• DaveCT

        You know, Ed, I think that’s a really good observation. I’ve seen Roa several times on TV the last couple of seasons, and I just haven’t been able to put my finger on it more specifically as to why he isn’t effective. What I do see is the catcher setting up in one place and the pitch going to another, too often. So Roa having a helter skelter pitching motion may be on the money. I’m also wondering if he’s just not that athletic, where his motion is just what he does naturally and not necessarily intentionally or by design.

  4. MK

    Does anyone know if the early bird camp for those returning from injuries and a few prospects has started yet?

    • Doug Gray

      I know that they have already had their “performance camp” where they had some guys come in. That ended before the Caravan began. There are also some guys out in Arizona now – but I also don’t know if they are just showing up early or if there’s a camp of sorts going on now. Some guys I’ve seen that are out there are rehabbing guys, but some aren’t.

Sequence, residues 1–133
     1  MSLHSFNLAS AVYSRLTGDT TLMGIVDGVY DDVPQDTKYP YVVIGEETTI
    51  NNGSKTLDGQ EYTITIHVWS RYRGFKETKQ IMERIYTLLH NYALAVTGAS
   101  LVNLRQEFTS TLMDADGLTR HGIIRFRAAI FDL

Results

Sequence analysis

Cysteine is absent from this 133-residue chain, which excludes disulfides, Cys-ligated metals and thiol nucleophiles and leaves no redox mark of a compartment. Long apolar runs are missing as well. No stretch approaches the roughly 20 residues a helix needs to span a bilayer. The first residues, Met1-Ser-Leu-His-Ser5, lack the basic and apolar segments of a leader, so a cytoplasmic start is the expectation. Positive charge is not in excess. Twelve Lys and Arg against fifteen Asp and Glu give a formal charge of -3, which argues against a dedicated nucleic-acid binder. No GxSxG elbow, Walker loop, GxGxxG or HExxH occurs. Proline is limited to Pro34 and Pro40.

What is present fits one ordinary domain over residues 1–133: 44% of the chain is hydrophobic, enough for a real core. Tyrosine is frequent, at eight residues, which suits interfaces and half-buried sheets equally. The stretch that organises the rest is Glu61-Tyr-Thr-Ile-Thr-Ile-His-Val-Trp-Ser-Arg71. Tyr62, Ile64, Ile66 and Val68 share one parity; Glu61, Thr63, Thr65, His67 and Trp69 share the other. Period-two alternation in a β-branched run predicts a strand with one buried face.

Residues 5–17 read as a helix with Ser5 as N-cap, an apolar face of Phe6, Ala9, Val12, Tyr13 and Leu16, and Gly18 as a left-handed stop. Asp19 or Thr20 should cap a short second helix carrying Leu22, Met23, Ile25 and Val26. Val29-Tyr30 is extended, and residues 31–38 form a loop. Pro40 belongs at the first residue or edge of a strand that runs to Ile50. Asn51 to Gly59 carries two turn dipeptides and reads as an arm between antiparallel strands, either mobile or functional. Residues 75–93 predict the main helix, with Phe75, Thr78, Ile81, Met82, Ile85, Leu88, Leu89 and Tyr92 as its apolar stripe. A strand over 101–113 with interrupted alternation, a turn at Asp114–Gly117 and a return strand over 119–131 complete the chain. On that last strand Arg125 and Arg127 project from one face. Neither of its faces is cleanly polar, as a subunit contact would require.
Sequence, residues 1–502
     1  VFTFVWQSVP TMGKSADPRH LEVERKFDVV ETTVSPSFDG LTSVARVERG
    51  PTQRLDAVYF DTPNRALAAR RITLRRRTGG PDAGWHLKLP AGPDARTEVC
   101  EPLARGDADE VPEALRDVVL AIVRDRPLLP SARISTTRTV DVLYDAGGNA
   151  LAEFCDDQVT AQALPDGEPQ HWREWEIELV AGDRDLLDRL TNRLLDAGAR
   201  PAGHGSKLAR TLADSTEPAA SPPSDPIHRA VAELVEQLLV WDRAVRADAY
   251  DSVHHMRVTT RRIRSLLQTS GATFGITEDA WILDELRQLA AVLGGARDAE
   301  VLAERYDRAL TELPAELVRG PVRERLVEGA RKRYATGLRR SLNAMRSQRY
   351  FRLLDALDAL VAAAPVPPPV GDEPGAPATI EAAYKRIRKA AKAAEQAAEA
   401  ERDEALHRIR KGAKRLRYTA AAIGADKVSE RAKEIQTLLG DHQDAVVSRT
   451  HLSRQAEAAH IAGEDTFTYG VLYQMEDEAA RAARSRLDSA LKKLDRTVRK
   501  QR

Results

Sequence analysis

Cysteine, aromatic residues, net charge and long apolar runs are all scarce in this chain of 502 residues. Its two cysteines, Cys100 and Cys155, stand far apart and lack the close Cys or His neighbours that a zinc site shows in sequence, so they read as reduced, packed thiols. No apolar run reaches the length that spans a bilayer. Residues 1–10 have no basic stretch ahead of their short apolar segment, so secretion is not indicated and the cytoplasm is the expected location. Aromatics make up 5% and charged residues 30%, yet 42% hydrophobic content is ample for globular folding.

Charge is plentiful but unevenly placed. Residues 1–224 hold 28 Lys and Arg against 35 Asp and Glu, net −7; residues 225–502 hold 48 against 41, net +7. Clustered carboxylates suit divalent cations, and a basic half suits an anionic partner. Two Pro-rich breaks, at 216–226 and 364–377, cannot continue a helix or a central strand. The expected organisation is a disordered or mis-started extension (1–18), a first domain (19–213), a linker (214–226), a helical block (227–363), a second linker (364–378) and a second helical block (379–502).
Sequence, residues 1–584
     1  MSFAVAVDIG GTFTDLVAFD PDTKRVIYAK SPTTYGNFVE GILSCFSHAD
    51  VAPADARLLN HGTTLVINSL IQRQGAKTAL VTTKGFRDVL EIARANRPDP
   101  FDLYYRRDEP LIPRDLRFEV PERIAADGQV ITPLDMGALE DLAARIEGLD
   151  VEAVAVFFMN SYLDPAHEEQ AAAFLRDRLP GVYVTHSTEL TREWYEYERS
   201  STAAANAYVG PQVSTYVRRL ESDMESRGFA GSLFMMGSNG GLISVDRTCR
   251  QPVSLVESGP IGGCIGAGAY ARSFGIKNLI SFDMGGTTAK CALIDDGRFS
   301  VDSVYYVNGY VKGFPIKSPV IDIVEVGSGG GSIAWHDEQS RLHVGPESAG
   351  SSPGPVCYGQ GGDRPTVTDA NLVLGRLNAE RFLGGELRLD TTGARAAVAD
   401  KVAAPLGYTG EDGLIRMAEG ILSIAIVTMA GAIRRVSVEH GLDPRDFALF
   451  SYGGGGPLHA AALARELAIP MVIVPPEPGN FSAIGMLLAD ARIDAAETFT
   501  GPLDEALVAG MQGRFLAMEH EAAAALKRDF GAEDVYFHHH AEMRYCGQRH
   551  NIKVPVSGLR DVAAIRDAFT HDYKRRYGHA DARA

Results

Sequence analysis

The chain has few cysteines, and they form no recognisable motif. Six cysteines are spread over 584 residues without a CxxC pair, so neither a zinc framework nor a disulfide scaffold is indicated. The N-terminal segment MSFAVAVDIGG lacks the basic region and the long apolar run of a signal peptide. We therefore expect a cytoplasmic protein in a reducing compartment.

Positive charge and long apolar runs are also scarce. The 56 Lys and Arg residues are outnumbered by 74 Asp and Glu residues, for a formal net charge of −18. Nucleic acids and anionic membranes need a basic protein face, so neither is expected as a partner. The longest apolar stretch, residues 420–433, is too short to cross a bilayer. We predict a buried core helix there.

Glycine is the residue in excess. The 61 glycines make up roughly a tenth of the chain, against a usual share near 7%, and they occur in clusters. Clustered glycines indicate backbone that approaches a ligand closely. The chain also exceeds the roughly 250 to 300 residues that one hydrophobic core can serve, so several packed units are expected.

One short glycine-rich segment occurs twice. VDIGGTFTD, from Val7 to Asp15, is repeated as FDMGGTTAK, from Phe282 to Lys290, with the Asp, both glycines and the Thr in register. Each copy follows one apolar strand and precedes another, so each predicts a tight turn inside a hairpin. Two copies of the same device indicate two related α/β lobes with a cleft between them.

• MK

        Maybe the Performance Camp is what I’m thinking of, I just remember there were some young guys who have something early and then get the opportunity to play in some early big league spring games because the have had extra time to get ready

      • Doug Gray

        OK, that is not the performance camp.

        There is an early camp of sorts for what you’re talking about, but it’s usually for guys looking at AA/AAA. There are some younger guys that are out there, too – but by and large the group you’re talking about is there early for the purpose of helping out the big league camp guys if and when they need it since the actual minor league camp doesn’t usually start until about a week after the big league spring games begin.

      • DaveCT

        MK I think they’ve used different names for the early camp for minor leaguers. Seems like it’s a good program.

  5. AMDG

    “Christian Road spent much of his season in High-A Dayton”

    Um, there is no Christian Road in Dayton.

    There is a Christian Way in nearby Kettering, Ohio. Perhaps that is the street you are looking for? :)